As far as I have learned, an annual feast day can fall on a Sabbath (the seventh day of the week). However, in the year Jesus was crucified that didn’t happen. That is, the annual feast day and the Sabbath were on two different days.
Because, if they fell on the same day, there would be a major contradiction in the gospels, as follows:
“And the sabbath passing, Mary Magdalene and Mary the mother of James
and Salome, bought spices, so that coming they might anoint Him.”
"And returning, they prepared spices and ointment. And indeed they
rested on the sabbath, according to the commandment.”
Mark says the ladies “bought” spices AFTER the Sabbath was over. This would take some time because they either had to go to the market to buy the spices or arrange them to be supplied. From the Bible, it is clear that the Sabbath ends at sunset. Did they go to market in the night itself or on the following day? Most probably, the latter could be the possible option. Also they need time to “prepare/process the spices and ointment”, (See Luke 23:56).
Whatever it is, they reached at the Tomb only on Sunday morning with the items ready with them.
But Luke says the ladies prepared the spices and ointment (which they had bought earlier) BEFORE the Sabbath.
But one thing we can be sure of: the Sabbath Luke talks about is the week day Sabbath (the seventh day) because he identifies it as the Sabbath “according to the commandment”.
Obviously these cannot be the same Sabbaths. The second Sabbath mentioned by Luke is, without any doubt, the seventh day Sabbath. Then what about the first Sabbath Mark talks about? This must be the first day of the Feast of Unleavened Bread, which falls, every year, right after the Passover day. The first day of the UB falls on Nissan 15, sunset to sunset. It is to be a rest day without work; so a shabbath.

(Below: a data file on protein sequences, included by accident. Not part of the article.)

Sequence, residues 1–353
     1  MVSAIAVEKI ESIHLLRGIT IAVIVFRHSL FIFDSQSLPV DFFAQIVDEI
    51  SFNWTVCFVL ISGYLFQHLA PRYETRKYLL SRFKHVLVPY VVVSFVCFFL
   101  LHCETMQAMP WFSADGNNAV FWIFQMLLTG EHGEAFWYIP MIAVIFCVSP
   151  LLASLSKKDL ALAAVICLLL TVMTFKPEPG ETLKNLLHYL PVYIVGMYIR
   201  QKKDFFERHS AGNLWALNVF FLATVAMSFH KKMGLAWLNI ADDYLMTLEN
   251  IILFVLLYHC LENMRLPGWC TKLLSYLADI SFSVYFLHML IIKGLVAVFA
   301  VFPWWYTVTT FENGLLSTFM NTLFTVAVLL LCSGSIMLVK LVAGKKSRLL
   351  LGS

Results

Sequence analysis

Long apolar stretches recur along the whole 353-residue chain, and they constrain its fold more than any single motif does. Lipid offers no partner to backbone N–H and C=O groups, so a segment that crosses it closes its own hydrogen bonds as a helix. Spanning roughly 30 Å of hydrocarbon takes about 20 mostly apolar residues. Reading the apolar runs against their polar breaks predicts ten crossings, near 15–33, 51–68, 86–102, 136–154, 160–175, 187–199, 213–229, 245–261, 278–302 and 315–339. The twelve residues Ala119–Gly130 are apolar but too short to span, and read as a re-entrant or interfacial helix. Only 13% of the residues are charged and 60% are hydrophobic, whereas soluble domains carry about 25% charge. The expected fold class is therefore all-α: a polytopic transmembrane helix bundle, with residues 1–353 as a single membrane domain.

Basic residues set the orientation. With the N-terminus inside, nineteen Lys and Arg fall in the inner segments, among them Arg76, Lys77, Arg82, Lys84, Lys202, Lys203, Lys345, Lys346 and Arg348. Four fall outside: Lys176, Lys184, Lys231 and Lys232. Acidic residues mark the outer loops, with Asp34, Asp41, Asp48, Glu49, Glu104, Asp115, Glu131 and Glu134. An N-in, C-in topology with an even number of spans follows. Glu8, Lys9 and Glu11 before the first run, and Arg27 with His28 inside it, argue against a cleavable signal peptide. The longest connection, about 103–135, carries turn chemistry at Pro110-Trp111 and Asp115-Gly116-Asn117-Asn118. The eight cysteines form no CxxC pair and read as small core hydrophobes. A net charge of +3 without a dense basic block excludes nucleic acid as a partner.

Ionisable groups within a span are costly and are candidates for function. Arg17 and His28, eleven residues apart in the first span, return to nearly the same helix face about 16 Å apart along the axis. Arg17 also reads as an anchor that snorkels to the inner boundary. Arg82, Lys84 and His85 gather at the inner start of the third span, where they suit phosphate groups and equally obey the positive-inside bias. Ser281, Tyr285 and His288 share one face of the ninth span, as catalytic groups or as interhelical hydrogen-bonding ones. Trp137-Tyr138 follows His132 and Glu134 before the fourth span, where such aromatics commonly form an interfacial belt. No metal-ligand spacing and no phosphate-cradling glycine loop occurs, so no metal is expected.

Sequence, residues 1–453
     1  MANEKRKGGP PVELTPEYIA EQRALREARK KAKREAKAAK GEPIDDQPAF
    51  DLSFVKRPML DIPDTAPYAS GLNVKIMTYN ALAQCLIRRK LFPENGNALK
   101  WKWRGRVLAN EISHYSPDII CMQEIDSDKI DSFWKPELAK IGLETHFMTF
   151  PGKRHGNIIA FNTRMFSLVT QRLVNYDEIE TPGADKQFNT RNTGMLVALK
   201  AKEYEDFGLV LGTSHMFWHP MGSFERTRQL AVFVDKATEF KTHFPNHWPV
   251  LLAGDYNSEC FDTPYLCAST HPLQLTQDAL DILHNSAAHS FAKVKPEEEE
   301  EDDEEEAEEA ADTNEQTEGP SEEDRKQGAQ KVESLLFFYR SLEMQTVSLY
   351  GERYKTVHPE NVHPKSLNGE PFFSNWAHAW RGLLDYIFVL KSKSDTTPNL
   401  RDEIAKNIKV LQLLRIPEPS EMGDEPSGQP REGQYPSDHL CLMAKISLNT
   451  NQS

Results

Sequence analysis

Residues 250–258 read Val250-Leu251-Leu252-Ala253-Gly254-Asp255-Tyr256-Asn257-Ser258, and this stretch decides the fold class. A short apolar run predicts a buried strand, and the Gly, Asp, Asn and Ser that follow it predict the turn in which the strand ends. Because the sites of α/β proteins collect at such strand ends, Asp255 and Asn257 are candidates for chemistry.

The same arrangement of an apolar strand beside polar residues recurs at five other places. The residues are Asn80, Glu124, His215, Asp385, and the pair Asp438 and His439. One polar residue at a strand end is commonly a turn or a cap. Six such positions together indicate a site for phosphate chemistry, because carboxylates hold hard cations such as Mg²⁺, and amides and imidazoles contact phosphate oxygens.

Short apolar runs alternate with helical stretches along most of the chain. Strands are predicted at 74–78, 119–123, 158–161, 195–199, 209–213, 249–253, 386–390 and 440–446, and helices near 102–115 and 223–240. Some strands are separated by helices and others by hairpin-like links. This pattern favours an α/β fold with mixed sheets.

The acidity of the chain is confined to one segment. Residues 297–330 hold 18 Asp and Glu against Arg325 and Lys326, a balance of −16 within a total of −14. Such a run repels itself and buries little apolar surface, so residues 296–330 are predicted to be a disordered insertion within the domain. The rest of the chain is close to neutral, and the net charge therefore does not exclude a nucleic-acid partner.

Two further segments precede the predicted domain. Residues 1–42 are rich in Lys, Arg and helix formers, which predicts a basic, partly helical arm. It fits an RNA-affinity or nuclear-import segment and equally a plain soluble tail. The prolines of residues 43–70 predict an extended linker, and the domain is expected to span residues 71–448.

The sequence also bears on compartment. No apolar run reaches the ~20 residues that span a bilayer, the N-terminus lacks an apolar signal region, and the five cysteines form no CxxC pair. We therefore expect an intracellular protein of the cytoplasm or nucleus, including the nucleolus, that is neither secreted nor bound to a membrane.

Of necessity, there should be at least one day gap between these two Sabbaths. After the first annual Sabbath, the ladies went to or arranged someone to go to market, buy the required spices and other things and prepare them ready for anointing (pounding, grinding, drying in sunlight?).
It is this first Sabbath that followed the Passover day that John calls a “great” day (John 19:31). As far as my knowledge goes, the seventh day Sabbath is never called a great day in the Bible.
It is clear that Jesus was not crucified before the seventh day Sabbath. He was crucified before the UB, that is, exactly on the daytime of the Passover day.
That is why Paul declares: “For Christ, our Passover lamb, has been sacrificed” (1 Corinthians 5:7).
Yes, the Passover with a lamb “without blemish” in the Old Testament was “a shadow” of the “coming” great Sacrifice of Christ “without sin” in the New Testament!
So viewed in this way, Christ will stand vindicated when He said, “And even as "Jonah was in the belly of the huge fish three days and three nights," so shall the Son of Man be in the heart of the earth three days and three nights” (Matthew 12:40).
Jesus said, just as Jonah, He will be in the grave (heart of the earth) three days and three nights. (He didn’t mean the total time of His death but only the time when He will be buried!).
Did Jesus have any notion about the length of a day and night?
“Jesus answered, Are there not twelve hours in the day?” (John 11:9).
Yes, Jesus knew what He was saying when He said three days and three nights and He knew exactly how long these days would be!